Unless you live under a rock, chances are you’ve heard by now the hype from American Idol, America’s Got Talent, America’s Next Top Model, America’s Best Dance Crew, etc., etc., etc. The list goes on to the point where one could easily get the impression that the TV talent search begins and ends in America – but that would be a serious misconception.
Despite its overwhelming popularity in the region, it would be a mistake to think that similar shows in other countries are all just loaners from the US— or the UK, for that matter. Instead, these shows are often a “multikulti” hodge-podge of global origins in whatever country they’re broadcast.
Like many countries on the western front, the vicious hoards of televised talent shows have also invaded the German-speaking world in search of fresh meat – er, talent.
Want proof? Here’s a sampling platter of “The top 5 most embarrassing performances” on Deutschland Sucht Den Superstar (Germany seeks superstar). By the way, you don’t need to speak German to watch these and wince. Humiliation is pretty much universal.
In the year 2000, for example, Germany’s Popstars became the first in the arena of German-speaking TV talent searches after phenomenal success in New Zealand, where it originated, and in Australia.
Two years later, the UK’s Pop Idol roughly translated to Deutschland Sucht Den Superstar (DSDS) in Germany. The brainchild of producer and talent scout Simon Fuller, the Idol-concept spawned an entire family of Idol-worshippers from A to W (Australian to West Africa). The show was a huge hit in Germany, turning ordinary citizens like Alexander Klaws into insta-stars.
And if imitation is the highest form of flattery, then parody must be the highest form of self-deprecating humor.
For example: German musician and entertainer Stefan Raab used the success of DSDS as a model for Stefan Sucht Den Super-Grand-Prix-Star (SSDSGPS), using the acronym to semantically poke fun at the onslaught of reality talent shows in his homeland.
In 2007, Raab even took it one step further with the show SSDSDSSWEMUGABRTLAD —Stefan sucht den Superstar, der singen soll, was er moechte, und gerne auch bei RTL auftreten darf! Translation: Stefan seeks superstar, who should sing what he likes and is also welcome to perform on the station RTL! I’d like to hear someone try to say that acronym ten times fast.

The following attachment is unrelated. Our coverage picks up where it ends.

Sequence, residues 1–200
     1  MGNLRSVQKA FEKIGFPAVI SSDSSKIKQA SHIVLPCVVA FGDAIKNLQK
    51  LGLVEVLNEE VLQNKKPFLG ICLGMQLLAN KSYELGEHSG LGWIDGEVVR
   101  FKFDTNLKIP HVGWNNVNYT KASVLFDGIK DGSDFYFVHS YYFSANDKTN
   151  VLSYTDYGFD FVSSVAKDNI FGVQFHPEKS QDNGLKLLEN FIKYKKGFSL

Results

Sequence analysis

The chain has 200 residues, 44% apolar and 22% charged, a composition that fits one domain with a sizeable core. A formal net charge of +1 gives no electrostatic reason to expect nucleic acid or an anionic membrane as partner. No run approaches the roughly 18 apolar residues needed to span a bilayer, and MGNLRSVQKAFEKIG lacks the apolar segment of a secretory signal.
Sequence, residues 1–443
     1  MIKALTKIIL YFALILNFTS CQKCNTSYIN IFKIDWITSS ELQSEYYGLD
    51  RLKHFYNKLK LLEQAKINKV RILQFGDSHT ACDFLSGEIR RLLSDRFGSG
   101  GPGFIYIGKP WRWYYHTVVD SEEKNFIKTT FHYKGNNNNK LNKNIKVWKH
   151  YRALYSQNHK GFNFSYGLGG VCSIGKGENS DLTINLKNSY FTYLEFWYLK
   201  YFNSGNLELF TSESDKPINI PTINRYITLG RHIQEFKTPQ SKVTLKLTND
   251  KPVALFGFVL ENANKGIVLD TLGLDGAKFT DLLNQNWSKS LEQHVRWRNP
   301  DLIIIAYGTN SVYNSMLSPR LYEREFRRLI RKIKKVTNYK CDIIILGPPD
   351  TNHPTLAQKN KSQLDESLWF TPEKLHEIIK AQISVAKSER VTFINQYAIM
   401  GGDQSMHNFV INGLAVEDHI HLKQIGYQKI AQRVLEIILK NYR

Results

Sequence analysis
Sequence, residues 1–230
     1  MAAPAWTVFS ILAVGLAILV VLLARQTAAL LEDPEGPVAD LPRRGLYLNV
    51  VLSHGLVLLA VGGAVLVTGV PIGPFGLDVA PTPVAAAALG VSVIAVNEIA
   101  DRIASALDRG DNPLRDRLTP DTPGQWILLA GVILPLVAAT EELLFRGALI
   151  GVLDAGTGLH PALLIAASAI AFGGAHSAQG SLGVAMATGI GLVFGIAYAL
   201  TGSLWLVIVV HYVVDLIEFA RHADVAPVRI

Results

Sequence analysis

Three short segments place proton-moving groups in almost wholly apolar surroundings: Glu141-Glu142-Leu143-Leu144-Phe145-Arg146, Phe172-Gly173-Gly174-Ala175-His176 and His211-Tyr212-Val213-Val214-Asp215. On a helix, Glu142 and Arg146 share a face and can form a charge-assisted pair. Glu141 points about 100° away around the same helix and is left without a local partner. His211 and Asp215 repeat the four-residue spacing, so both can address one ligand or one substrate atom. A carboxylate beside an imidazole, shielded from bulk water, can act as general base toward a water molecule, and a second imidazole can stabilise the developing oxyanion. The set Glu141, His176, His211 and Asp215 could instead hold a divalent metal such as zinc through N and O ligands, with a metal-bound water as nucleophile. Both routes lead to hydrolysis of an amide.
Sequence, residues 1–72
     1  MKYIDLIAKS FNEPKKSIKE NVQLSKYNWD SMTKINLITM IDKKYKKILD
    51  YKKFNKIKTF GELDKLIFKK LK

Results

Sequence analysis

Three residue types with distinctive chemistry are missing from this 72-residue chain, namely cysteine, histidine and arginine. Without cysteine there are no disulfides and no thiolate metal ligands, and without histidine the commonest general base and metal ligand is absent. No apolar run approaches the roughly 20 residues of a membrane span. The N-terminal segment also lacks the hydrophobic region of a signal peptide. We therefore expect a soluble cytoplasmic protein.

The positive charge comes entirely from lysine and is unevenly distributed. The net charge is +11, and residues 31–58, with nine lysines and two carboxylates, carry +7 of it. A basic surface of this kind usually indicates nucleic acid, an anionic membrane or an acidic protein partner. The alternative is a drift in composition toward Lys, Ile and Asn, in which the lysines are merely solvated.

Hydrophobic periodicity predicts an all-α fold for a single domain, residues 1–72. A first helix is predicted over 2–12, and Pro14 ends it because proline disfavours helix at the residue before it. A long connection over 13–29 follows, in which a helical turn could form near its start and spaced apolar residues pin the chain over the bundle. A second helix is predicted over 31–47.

Jokes aside, however, the casting show invasion into pop culture has its share of serious critics (besides Simon Cowell). In fact, because of its widespread popularity, some experts worry the trend has a negative impact on its audience, especially young women.
Mit Castingshows wie Germany’s Next Topmodel, Popstars und DSDS kam auch der auch der Hype der Mädchen, sich modisch zu kleiden und mehr Wert auf ihr Äußeres zu legen, als auf ihre Fähigkeiten.
With castings shows like Germany’s Next Topmodel, Popstars and DSDS comes also the hype for girls to dress fashionably and to place more emphasis on their appearance than on their abilities.
An article in Der Westen even cites a study that shows young girls base their sense of self-worth on looks, while young boys base their worth on actions. According to one expert, this means gender roles are retrogressing, despite decades of attempts by enlightened parents and educators to overthrow these outdated “role clichés”.
It’s good to know that here in America we’re combating these stereotypical roles and placing more emphasis on competence in our reality star searches. Don’t believe me? Just check out this clip from America’s Most Smartest Model.